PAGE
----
Norwegian will mark the return of the 737 MAX both with domestic flights and with routes elsewhere in Europe. On the 1st of March, the airline will fly not one but two 737 MAX-8 jets. They will both operate from Oslo, one going to Stockholm Arlanda, the other to Hamburg, Germany. Many more flights from Oslo and Stockholm will follow soon afterwards.
And a week later, Icelandair joins the fray. The airline will restart 737 MAX flights on the 8th, both in Europe and to the US. Iceland is not in the EU, but the country cooperates with the Union in a number of ways. One of them is that it is under EASA’s authority, when it comes to aviation. Like others, the airline has been preparing for the return of the jet to service. They have been de-conserving stored aircraft and ferrying them back to Reykjavik.
Icelandair had always planned to replace its work-horse 757 fleet with these new Boeings. They had four MAX-8s and one MAX-9 when the grounding took place. They have more orders of five and six respectively. The airline is uniquely placed in Europe, to put its 737 MAX fleet in service between the two continents. The switch from the 757s will be a substantial jump in efficiency.
Not Just Europe – Other 737 MAX Returnees
Europe wasn’t the only place were we had 737 MAX news today. The United Arab Emirates civil aviation authority also approved the aircraft to return to service. We don’t yet know whether the measures the UAE authority follow EASA’s or the FAA’s position, where the two differ. Saif al-Suwaidi, director general of the UAE’s General Civil Aviation Authority, said:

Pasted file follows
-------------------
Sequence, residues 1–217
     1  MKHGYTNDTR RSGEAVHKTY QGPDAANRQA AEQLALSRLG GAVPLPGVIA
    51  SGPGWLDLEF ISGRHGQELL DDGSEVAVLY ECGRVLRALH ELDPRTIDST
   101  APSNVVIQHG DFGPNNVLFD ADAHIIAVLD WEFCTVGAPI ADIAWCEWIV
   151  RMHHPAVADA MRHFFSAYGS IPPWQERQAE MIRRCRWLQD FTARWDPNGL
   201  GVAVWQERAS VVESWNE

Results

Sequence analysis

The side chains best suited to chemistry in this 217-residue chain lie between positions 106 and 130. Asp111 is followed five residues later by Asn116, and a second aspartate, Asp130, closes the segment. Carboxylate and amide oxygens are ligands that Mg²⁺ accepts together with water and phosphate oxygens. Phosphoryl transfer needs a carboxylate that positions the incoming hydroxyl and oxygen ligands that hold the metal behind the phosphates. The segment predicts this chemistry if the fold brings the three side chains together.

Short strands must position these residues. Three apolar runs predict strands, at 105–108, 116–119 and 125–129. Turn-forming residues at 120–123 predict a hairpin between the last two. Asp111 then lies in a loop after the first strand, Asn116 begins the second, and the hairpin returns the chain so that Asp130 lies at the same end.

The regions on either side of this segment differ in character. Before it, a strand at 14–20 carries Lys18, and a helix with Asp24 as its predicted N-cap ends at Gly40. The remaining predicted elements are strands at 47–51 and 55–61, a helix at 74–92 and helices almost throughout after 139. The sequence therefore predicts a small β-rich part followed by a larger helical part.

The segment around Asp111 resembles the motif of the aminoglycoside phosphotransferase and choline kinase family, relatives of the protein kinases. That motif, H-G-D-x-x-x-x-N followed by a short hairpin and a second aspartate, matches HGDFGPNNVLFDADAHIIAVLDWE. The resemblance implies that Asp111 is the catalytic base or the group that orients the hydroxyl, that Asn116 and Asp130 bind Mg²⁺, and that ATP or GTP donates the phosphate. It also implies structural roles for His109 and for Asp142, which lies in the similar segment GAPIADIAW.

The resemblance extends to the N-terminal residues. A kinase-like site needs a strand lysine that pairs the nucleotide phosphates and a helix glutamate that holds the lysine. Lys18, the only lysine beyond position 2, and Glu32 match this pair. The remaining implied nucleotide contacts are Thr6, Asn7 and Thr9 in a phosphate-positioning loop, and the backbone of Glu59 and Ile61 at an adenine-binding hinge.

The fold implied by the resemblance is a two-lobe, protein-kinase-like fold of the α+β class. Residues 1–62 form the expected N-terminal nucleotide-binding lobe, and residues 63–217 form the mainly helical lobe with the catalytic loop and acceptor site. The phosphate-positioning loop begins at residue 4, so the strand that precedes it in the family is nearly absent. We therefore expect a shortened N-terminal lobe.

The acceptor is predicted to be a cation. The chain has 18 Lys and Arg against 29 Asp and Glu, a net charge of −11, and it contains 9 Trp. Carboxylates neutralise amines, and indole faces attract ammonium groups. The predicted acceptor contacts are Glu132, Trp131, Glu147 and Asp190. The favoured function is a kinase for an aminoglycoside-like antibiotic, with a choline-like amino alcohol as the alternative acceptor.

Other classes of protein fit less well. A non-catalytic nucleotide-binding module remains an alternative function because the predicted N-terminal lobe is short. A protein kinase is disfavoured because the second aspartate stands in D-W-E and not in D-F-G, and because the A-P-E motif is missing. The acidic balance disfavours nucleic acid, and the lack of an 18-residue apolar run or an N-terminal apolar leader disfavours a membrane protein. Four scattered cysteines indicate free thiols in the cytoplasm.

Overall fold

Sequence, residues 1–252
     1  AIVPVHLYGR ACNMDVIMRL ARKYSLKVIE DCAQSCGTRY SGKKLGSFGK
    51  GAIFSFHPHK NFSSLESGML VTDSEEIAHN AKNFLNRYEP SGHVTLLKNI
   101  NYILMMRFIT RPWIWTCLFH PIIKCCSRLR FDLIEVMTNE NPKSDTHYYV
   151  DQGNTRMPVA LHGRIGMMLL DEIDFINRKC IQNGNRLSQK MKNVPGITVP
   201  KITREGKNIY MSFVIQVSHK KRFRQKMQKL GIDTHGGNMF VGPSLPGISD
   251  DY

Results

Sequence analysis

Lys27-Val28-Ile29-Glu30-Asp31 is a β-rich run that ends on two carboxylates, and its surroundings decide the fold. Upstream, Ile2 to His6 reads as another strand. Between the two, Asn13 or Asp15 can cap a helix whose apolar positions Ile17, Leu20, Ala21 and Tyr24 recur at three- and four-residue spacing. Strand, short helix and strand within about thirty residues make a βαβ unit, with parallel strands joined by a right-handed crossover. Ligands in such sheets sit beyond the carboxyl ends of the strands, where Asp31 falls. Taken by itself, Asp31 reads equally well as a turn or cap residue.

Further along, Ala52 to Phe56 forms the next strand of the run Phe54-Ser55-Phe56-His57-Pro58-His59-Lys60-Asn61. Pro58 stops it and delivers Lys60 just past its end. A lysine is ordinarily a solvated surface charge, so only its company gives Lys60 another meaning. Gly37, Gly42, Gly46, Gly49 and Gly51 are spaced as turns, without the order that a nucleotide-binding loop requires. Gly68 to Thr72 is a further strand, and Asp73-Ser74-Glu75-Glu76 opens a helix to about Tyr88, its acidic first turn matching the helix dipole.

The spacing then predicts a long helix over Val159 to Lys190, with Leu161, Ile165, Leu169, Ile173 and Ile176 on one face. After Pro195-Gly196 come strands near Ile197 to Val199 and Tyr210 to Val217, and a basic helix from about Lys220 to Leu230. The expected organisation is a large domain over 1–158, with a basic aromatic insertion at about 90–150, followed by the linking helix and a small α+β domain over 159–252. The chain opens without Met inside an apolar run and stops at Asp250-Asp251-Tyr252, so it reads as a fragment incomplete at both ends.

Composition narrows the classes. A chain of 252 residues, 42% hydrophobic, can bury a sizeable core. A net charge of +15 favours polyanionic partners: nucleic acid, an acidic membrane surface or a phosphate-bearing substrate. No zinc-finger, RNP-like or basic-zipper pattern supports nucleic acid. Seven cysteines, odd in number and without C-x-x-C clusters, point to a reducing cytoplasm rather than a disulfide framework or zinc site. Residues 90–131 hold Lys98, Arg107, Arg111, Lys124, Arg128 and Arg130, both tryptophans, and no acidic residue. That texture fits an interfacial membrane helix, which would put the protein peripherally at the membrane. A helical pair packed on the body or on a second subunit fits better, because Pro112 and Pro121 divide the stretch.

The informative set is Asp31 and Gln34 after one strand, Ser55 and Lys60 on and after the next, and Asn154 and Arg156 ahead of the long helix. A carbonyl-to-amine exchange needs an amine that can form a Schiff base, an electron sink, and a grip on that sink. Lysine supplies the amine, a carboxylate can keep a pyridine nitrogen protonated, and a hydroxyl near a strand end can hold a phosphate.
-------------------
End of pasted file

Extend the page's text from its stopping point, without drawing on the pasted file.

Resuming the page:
“Lifting the ban on the plane is a result of intensive efforts by the authority’s technical committee which evaluated all the technical requirements from the U.S. Federal Aviation Administration, Boeing and the European Aviation Safety Agency.”
The news is great for flydubai. The airline already has 11 MAX-8 and 3 MAX-9 aircraft. But it also has orders for 195 more of those, plus another 50 for MAX-10s! The airline has an all-Boeing 737 fleet, so it will deploy its MAX aircraft throughout its network in Asia, Europe and Africa.
We already saw that some airlines are waiting for the worldwide MAX fleet to fly for some time, before they join in. These include Ethiopian, for obvious reasons. But it’s also the strategy of big names, like Southwest in the US. Of course the pandemic and other operational reasons mean that some airlines are in a hurry, while others aren’t. In any case, the return of the 737 MAX to service in Europe is, for some, a big step in its public acceptance.
China’s stance will be the next, really BIG step.
Spyros Georgilidakis has degrees in Business Enterprise and Management. He has 14 years of experience in the hospitality and travel industries, along with a passion for all-things-aviation and travel logistics. He is also an experienced writer and editor for on-line publications, and a licensed professional drone pilot.